When someone who is already an expert in the field recommends you, their credibility extends to you. As a career changer, your allies and supporters are likely in your old field, so you will need to build a support base in your new field. Join professional associations and be active as a volunteer. Use social media and follow what the experts are saying, adding your comments or even guest posting to establish your footing in your new field. Target your networking to centers of influence for your new field, and enroll their support. Even if they are not hiring, they will know who is, and a referral from them will shortcut your process. As an experienced professional, you have an advantage in finding champions because you have likely done this before, and your large, established network branches out into diverse fields, one of which is likely your new target.

See also: Career Change Secrets: What I Know Now

    1. Embody the change

People often think it’s a catch-22: You need experience to get hired, but you need to get hired to get that experience. This assumption is both incorrect and limiting. While it’s true you do need experience, it doesn’t have to be paid, permanent, or full-time. Employers are not looking for the traditional employment experience, but rather what that experience implies – up-to-date skills, an insider’s network, and valuable expertise that will help a company meet specific goals. To convince employers to hire you or even centers of influence to advocate for you, you have to embody the change that traditional employment experience brings. You can volunteer to demonstrate those skills. You can join professional associations and use social media to build the network. You can conduct exhaustive research to develop the expertise. But you have to do the work to embody the career change now, not just promise to learn later.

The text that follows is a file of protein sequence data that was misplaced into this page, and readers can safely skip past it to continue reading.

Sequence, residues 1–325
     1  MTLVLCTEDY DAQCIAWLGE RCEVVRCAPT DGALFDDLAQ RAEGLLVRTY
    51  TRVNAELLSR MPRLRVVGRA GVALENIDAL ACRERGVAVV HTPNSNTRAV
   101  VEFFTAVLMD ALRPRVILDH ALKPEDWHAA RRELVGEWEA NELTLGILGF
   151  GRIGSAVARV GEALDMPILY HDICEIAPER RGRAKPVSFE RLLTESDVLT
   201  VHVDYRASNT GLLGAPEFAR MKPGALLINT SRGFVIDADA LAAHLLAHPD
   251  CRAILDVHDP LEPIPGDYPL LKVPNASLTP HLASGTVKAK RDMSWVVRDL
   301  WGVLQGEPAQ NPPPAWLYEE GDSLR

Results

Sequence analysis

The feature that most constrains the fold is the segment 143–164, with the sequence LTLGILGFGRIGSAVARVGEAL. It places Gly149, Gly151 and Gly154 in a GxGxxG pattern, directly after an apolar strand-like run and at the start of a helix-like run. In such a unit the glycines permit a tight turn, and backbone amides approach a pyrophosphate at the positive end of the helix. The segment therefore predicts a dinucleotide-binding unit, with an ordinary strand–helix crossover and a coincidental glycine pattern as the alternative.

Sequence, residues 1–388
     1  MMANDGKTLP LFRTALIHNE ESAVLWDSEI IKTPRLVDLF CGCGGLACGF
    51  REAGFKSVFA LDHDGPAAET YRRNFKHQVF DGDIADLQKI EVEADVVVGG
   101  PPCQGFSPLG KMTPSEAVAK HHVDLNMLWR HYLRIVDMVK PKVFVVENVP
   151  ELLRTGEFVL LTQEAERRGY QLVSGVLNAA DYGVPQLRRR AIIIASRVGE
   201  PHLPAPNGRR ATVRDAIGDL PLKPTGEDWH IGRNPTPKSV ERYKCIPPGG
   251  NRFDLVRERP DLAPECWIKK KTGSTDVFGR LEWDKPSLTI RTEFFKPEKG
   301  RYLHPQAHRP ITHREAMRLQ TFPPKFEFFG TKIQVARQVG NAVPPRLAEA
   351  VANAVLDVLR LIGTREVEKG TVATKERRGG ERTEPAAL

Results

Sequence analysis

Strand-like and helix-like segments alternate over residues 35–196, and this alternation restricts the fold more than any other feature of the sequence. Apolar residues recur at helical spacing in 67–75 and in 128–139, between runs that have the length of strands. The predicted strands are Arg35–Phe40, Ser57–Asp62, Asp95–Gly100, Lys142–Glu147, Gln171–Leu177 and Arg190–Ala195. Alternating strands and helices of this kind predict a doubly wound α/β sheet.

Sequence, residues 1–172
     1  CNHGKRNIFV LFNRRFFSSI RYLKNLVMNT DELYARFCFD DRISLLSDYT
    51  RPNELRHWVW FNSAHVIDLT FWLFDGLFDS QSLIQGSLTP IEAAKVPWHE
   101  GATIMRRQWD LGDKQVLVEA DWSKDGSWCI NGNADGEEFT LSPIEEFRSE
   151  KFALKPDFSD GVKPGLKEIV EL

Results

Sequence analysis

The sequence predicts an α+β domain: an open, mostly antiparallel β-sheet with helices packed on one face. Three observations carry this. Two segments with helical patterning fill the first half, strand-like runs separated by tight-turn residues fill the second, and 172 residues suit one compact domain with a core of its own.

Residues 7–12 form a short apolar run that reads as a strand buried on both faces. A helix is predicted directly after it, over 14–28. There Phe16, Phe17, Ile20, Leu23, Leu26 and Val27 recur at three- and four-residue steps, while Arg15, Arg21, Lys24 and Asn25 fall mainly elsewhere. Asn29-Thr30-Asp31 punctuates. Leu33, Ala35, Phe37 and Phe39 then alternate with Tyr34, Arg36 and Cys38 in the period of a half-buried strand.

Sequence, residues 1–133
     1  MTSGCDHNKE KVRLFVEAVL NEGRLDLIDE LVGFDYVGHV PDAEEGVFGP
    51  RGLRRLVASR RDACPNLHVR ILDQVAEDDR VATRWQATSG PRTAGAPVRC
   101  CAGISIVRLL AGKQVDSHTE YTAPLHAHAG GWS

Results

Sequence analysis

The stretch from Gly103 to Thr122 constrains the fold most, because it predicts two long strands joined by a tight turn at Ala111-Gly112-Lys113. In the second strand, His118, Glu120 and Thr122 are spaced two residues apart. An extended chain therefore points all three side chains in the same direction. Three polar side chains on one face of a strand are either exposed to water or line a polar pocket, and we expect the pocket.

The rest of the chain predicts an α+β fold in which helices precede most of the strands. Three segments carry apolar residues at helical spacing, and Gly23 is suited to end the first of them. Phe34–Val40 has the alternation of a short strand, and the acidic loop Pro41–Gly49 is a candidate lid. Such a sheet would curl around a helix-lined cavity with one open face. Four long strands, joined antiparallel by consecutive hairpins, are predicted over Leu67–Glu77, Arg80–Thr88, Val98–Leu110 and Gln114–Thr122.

As an experienced professional, you do not need to get another job to prove your experience. A great example is one of my previous clients. Vicki had 20 years of communications experience, but none in social media--and she was applying for a social media-focused position. At first, her approach was to present herself as a quick study: someone who had learned other tech skills quickly and had transferable offline experience. This is what a lot of career changers do—but unfortunately it requires a leap of faith from an employer, who has to be willing to train you on their dime. So instead, Vicki just threw herself into it, researching her prospective employer’s social media approach, comparing it to competitors’, and presenting a strategy for how she would tackle the job. The employer suddenly had tangible proof that her career change was already made. Given Vicki’s wealth of experience in other areas, she got the job (and is still there two years later).

A successful career changer has to make an employer believe the change has already happened. You can most effectively do this by having compelling reasons for making the change, by leaning on the credibility of others already established in your new field, and by embodying the change well before you have a job in your new field. Experienced professionals are not pigeonholed by past experience or too late to change. Experienced professionals actually have an advantage given the perspective only experience brings, given the network that gets stronger over time, and given an existing body of work that complements the new career.

Caroline Ceniza-Levine is a career expert with SixFigureStart®. She is a former recruiter in management consulting, financial services, media, technology, and pharma/ biotech.